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Knoxville City Council asking USPS to weigh homeowner concerns over cluster mailboxes

The council asked the postal service to weigh concerns such as unsightly appearances and lowered property values before installing the mailboxes.

KNOXVILLE, Tenn. — If you head inside some newer subdivisions in East Tennessee, you might notice mailboxes are no longer at the end of the driveway these days.

That's because the U.S. Postal Service is asking developers to install centralized cluster mailboxes instead of single boxes, saying it's more efficient and saves money on postal delivery and pickup.

Many homeowners and realtors are voicing their concerns about them in their neighborhood. 

The Knoxville City Council took up the issue Tuesday, approving a resolution to respectfully ask the USPS to weigh those concerns when mandating the mailboxes.

Some homeowners aren't fans of the cluster mailbox system -- saying they feel it looks bad, is inconvenient and lowers their property values.

RELATED: Rep. Burchett introduces resolution asking USPS to hear from homeowners before installing cluster mailboxes

Many local realtors were also against the idea for similar reasons, asking the council to oppose the mandate because the centralized boxes also take up extra space in subdivisions that could be used for other residential purposes.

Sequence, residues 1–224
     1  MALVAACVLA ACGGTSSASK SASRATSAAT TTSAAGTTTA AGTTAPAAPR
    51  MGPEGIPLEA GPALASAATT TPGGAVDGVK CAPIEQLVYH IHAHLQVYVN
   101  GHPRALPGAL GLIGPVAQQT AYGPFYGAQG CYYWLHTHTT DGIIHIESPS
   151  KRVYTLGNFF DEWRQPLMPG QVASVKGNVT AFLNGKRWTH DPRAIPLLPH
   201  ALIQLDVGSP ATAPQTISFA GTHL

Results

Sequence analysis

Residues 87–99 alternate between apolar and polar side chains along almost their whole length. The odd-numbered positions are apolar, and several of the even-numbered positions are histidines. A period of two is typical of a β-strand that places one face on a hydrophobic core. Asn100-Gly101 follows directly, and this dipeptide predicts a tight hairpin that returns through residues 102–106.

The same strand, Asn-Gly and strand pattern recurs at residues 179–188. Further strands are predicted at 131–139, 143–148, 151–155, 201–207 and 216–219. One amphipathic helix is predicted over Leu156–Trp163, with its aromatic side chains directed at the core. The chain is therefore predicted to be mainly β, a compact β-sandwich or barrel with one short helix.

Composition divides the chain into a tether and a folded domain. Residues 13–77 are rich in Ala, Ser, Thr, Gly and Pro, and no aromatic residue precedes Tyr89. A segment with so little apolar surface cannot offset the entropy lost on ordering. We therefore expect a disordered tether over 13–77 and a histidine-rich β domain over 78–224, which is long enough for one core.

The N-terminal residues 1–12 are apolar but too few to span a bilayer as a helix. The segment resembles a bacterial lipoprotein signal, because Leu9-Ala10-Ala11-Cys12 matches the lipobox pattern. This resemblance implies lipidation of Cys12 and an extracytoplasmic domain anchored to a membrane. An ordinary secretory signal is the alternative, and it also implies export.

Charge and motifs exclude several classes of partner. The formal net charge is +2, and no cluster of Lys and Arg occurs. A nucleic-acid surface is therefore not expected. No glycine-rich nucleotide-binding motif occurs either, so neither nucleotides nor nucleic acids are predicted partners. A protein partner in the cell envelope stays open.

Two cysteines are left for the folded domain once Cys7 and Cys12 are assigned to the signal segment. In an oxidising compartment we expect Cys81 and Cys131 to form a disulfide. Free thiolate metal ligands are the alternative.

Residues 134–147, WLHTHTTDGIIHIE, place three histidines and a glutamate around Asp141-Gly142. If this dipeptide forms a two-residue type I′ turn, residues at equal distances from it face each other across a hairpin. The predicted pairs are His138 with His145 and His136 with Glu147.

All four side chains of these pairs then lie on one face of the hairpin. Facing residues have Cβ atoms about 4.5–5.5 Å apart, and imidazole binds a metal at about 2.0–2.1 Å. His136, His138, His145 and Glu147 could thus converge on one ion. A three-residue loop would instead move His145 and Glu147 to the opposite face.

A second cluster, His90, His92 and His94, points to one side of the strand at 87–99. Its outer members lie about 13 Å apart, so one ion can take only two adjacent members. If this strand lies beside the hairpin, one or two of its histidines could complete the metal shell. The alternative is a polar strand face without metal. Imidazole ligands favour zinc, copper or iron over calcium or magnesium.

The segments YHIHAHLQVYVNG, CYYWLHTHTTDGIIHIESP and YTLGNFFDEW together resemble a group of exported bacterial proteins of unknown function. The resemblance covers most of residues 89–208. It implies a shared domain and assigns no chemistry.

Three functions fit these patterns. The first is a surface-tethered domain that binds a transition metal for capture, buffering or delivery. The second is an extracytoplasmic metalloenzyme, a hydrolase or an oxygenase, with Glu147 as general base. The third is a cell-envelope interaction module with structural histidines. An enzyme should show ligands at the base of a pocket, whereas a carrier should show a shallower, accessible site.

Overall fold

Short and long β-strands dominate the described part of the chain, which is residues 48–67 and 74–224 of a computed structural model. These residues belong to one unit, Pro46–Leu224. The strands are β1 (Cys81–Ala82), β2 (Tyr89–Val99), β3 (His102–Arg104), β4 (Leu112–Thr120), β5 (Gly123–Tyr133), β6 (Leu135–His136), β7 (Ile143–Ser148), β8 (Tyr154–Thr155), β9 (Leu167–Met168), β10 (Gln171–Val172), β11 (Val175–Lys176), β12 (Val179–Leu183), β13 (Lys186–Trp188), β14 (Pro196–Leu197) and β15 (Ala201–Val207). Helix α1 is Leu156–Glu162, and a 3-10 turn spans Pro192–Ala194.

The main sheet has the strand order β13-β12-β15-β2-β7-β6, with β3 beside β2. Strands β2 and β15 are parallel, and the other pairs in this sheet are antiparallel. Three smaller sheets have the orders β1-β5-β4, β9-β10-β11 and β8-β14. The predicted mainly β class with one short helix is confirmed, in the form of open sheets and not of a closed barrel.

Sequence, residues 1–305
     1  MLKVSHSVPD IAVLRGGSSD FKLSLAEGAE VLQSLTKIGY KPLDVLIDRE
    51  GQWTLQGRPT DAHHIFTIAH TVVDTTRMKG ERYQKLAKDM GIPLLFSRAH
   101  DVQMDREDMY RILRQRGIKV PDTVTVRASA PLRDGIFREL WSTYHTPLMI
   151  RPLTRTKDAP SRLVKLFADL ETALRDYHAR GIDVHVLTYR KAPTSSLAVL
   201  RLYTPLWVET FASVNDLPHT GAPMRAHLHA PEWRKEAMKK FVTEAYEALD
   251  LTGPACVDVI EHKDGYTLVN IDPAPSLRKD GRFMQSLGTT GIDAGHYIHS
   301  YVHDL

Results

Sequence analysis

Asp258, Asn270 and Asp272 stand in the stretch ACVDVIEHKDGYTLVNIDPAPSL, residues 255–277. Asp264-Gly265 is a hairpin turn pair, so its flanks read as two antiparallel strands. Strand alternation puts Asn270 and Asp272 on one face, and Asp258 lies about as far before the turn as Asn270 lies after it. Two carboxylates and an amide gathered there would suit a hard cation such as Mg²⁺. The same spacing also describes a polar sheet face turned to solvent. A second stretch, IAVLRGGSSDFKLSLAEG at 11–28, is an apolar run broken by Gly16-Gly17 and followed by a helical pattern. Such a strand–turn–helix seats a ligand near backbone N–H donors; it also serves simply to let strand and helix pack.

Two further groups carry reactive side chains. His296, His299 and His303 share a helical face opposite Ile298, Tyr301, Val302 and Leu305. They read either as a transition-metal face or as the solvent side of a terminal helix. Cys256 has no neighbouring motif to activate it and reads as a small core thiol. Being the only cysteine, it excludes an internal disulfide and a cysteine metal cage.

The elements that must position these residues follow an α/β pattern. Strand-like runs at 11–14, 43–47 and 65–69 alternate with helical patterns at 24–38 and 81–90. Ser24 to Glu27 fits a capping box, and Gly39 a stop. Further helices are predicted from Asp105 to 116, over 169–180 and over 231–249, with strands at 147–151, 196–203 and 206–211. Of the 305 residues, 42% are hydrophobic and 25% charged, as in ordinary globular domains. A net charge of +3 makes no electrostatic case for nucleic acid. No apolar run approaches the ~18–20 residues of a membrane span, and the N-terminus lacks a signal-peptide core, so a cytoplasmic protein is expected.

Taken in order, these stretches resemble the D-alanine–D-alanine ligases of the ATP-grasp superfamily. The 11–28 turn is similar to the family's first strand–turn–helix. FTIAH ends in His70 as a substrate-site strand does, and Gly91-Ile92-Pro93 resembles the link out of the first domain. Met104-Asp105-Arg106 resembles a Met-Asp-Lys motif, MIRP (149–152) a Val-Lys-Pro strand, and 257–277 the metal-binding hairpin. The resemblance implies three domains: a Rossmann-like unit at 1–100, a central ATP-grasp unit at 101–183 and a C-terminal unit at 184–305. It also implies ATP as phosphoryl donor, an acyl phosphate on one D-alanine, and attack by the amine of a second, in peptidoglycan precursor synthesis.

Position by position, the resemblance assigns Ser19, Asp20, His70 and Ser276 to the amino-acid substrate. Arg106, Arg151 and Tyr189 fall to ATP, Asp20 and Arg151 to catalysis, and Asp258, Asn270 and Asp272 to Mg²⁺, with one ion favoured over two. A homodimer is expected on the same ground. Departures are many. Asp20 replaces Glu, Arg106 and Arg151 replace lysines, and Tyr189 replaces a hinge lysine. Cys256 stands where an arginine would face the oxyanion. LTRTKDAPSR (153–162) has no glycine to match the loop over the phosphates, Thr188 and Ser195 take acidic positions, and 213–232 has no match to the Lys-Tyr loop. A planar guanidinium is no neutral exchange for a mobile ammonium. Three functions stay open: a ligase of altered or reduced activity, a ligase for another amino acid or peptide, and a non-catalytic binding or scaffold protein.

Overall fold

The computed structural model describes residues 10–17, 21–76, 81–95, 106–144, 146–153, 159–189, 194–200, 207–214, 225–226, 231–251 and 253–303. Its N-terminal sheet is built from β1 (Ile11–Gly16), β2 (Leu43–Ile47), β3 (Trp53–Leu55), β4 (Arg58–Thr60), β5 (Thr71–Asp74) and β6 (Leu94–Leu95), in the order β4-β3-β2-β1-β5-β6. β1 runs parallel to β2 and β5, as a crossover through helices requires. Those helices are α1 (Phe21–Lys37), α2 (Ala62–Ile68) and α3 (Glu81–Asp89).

From here, the resolution will go to the U.S. Postal Service, but council members aren't sure what will happen after that. 

Congressman Tim Burchett (R-Knoxville) introduced legislation this year that would give homeowners and realtors a say in where the mail gets delivered.

RELATED: New Hardin Valley subdivision centralizing mailboxes to accommodate USPS requests

The resolution would prohibit the USPS from changing a neighborhood that doesn't already have centralized delivery after the fact. It would also require the USPS to get approval by local legislators before it could require centralized delivery for a new development constructed after the resolution is put into effect.

At the moment, the bill is still waiting for action in the House Oversight and Reform committee.